Anyone can develop obstructive sleep apnea. However, certain factors put you at increased risk, including:
Being overweight. Around half of people with obstructive sleep apnea are overweight. Fat deposits around the upper airway may obstruct breathing. Also, people with obstructive sleep apnea tend to have a larger waist.
However, not everyone with obstructive sleep apnea is overweight and vice versa. Thin people can develop the disorder, too.
Having a large neck. The size of your neck may indicate whether you have an increased risk.
A thick neck may narrow the airway and may be an indication of excess weight. A neck circumference greater than 17 inches for men and 16 inches for women is associated with an increased risk of obstructive sleep apnea.
- Having high blood pressure (hypertension). Obstructive sleep apnea is relatively common in people with hypertension.
- Having a narrowed airway. You may inherit a naturally narrow throat. Or your tonsils or adenoids may become enlarged, which can block your airway.
- Having chronic nasal congestion. Obstructive sleep apnea occurs twice as often in those who have consistent nasal congestion at night, regardless of the cause. This may be due to narrowed airways.
- Having diabetes. Obstructive sleep apnea may be more common in people with diabetes.
- Being male. In general, men are twice as likely to have obstructive sleep apnea.
- Being black. Among people under age 35, obstructive sleep apnea is more common in blacks.
- Being a certain age. Obstructive sleep apnea usually occurs in adults who are ages 18 to 60, but it can occur at any age.
- Having a family history of sleep apnea. If you have family members with obstructive sleep apnea, you may be at increased risk.
- Smoking. People who smoke are more likely to have obstructive sleep apnea.
- Using alcohol. Alcohol may worsen obstructive sleep apnea.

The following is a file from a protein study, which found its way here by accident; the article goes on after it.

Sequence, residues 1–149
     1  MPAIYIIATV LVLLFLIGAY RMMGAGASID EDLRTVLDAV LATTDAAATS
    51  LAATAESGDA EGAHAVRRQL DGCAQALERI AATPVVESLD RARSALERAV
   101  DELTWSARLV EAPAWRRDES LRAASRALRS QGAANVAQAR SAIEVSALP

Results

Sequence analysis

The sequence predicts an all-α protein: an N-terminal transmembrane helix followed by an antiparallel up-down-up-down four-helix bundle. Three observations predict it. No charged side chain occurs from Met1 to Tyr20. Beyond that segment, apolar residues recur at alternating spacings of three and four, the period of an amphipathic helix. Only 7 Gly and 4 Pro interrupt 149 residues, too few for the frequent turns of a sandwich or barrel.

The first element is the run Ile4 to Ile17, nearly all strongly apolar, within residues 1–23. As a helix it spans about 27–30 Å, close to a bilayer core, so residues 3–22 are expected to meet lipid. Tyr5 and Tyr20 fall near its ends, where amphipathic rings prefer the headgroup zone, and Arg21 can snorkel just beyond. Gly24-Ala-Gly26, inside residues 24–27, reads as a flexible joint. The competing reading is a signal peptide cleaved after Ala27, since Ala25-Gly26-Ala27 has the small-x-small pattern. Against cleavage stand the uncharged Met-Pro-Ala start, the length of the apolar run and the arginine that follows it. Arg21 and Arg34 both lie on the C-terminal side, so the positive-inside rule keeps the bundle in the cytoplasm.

Obstructive sleep apnea is considered a serious medical condition. Complications may include:
Cardiovascular problems. Sudden drops in blood oxygen levels that occur during obstructive sleep apnea increase blood pressure and strain the cardiovascular system.
Many people with obstructive sleep apnea develop high blood pressure (hypertension), which can increase the risk of heart disease.
The more severe the obstructive sleep apnea, the greater the risk of coronary artery disease, heart attack, heart failure and stroke. In a study, men with obstructive sleep apnea appeared to be at risk of heart failure, but women with obstructive sleep apnea didn't appear to have a higher risk of heart failure.
People with obstructive sleep apnea are much more likely to develop abnormal heart rhythms (arrhythmias).
If there's underlying heart disease, these repeated multiple episodes of low blood oxygen (hypoxia or hypoxemia) could lead to sudden death from a cardiac event.
Daytime fatigue. The repeated awakenings associated with obstructive sleep apnea make normal, restorative sleep impossible. People with obstructive sleep apnea often experience severe daytime drowsiness, fatigue and irritability. They may have difficulty concentrating and find themselves falling asleep at work, while watching TV or even when driving.
Children and young people with obstructive sleep apnea may do poorly in school and commonly have attention or behavior problems.
Treatment of obstructive sleep apnea can improve these symptoms, restoring alertness and improving quality of life.